Preprint Article Version 1 This version is not peer-reviewed

Anti-Incinerator Sentiment in China: The Role of Place Attachment, Trust, and Fairness

Version 1 : Received: 17 January 2019 / Approved: 21 January 2019 / Online: 21 January 2019 (07:35:27 CET)

How to cite: Hou, G.; Ma, K.; Chen, T.; Liao, Z.; Xia, H.; Yao, T. Anti-Incinerator Sentiment in China: The Role of Place Attachment, Trust, and Fairness. Preprints 2019, 2019010195 (doi: 10.20944/preprints201901.0195.v1). Hou, G.; Ma, K.; Chen, T.; Liao, Z.; Xia, H.; Yao, T. Anti-Incinerator Sentiment in China: The Role of Place Attachment, Trust, and Fairness. Preprints 2019, 2019010195 (doi: 10.20944/preprints201901.0195.v1).

Abstract

Globally, public acceptance of waste-to-energy (WtE) incinerators is a crucial factor in implementing national waste-to-energy policies. This study adds to the literature on anti-incinerator sentiment by drawing upon an extended psychological-emotional model that integrates place-, trust-, and fairness-based pathways. A total of 338 residents in the Asuwei area in North Beijing completed a survey on a proposal to construct a WtE incinerator in the vicinity. Hierarchical regression analyses indicate that place attachment positively enhances anti-incinerator sentiment through direct effects, as well as through moderation and mediation effects between risk perception and opposing willingness. Further, institutional trust negatively moderates the impact of perceived risk on anti-incinerator sentiment, in addition to directly reducing perceived risk. Trust also influences anti-incinerator sentiment via risk perception, attesting to the effectiveness of a casual model of trust. Likewise, fairness perception acts as another determinant of opposing sentiment, similar to trust. We further reveal that procedural fairness plays a more significant role in predicting anti-incinerator sentiment than does distributional fairness. These findings demonstrate the importance of using a range of instrumental and more affective strategies to promote social acceptance of renewable energy infrastructure.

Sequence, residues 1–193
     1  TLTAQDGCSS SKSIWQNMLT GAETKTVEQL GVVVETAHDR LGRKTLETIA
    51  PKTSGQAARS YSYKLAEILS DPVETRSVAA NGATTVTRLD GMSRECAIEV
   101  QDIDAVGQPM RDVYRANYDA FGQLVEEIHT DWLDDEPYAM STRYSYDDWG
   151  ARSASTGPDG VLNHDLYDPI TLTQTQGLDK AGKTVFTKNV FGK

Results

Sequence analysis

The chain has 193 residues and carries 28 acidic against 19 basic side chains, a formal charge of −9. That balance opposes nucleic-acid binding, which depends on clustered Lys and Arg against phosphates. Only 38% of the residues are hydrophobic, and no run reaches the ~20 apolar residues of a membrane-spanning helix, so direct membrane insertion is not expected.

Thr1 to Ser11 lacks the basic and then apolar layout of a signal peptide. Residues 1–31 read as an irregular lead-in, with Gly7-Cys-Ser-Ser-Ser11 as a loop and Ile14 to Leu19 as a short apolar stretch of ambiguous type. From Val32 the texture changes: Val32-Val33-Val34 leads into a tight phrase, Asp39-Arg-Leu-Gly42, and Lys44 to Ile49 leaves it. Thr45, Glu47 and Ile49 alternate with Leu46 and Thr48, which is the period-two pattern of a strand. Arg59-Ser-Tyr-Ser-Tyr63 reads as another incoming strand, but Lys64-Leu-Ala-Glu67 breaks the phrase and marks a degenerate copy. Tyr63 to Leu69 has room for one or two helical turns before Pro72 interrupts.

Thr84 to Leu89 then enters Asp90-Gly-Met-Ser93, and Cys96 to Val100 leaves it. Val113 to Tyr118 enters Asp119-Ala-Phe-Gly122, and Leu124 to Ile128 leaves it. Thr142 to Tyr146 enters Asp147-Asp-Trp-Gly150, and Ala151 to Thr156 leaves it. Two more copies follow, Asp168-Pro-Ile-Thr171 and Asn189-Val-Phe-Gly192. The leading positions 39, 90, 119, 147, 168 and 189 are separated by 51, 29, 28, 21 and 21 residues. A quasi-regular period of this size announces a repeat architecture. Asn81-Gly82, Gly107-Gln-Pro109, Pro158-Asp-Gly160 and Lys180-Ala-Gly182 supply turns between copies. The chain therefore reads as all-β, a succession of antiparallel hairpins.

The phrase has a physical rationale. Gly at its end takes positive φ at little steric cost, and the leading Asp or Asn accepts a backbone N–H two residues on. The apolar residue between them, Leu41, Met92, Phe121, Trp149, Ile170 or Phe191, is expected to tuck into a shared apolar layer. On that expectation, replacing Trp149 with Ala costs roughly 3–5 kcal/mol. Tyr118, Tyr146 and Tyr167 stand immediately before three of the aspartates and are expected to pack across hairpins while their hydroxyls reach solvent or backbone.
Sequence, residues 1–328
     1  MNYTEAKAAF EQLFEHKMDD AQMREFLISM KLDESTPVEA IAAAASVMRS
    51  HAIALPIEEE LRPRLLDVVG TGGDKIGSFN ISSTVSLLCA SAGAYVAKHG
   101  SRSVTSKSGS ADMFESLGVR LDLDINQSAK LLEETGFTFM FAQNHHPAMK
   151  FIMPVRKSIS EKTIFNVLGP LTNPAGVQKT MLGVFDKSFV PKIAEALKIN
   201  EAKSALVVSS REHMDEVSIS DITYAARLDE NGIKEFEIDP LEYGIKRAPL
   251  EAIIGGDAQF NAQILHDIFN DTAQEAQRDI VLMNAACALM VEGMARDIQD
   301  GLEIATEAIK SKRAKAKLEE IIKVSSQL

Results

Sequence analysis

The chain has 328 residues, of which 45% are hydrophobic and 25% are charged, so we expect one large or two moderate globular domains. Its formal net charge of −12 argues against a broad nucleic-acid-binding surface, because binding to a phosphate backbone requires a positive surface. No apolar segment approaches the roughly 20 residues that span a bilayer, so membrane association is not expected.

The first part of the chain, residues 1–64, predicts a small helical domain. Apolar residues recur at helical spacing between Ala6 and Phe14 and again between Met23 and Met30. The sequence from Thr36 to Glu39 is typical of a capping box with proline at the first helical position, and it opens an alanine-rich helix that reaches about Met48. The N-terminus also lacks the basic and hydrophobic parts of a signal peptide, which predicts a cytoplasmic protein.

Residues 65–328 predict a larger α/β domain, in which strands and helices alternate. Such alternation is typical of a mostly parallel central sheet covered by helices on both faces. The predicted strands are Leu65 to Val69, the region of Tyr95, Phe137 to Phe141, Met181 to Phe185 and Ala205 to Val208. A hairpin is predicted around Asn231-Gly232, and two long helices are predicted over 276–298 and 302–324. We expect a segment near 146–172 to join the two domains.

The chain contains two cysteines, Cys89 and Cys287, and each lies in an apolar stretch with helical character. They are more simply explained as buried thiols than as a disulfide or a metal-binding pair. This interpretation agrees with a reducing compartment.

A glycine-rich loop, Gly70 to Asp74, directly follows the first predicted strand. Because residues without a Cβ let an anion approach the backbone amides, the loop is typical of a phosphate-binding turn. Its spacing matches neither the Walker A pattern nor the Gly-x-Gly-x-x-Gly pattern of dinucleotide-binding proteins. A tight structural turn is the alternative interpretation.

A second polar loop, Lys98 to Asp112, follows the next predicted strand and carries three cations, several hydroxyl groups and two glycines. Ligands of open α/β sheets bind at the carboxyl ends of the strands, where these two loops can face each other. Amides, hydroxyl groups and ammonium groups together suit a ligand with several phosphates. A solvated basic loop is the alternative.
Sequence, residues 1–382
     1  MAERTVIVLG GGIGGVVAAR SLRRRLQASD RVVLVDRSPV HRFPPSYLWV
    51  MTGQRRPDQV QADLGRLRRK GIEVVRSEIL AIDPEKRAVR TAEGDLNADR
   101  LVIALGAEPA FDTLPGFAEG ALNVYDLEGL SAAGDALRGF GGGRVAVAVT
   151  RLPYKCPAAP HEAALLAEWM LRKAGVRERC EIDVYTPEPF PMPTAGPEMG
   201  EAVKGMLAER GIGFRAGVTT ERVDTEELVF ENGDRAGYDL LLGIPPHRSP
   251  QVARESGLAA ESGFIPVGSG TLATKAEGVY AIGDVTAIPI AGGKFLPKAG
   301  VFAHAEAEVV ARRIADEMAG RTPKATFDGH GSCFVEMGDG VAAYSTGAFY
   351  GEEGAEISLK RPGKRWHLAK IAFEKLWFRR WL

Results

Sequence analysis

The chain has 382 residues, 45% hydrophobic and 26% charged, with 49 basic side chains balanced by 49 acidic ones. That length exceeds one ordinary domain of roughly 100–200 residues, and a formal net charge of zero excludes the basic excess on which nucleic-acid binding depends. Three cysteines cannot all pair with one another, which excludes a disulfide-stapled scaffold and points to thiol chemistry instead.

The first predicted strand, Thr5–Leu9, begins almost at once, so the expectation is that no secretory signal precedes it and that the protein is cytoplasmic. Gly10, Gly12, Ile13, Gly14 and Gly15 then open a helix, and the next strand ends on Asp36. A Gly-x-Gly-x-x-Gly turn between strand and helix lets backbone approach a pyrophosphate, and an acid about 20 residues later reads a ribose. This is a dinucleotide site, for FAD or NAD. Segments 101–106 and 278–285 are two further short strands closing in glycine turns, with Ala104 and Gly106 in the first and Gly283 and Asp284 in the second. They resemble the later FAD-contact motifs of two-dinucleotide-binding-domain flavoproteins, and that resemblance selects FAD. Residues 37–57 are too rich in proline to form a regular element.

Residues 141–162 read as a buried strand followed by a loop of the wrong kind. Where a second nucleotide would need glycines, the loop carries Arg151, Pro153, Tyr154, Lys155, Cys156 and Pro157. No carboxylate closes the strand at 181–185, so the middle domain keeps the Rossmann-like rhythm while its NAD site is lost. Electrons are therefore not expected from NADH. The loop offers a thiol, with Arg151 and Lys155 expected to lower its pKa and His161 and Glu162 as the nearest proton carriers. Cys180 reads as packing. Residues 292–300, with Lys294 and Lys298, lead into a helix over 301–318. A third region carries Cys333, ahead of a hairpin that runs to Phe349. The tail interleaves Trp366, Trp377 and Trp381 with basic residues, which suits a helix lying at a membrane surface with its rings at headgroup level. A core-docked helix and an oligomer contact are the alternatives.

Subject Areas

anti-incinerator sentiment; place attachment; trust; fairness; waste-to-energy

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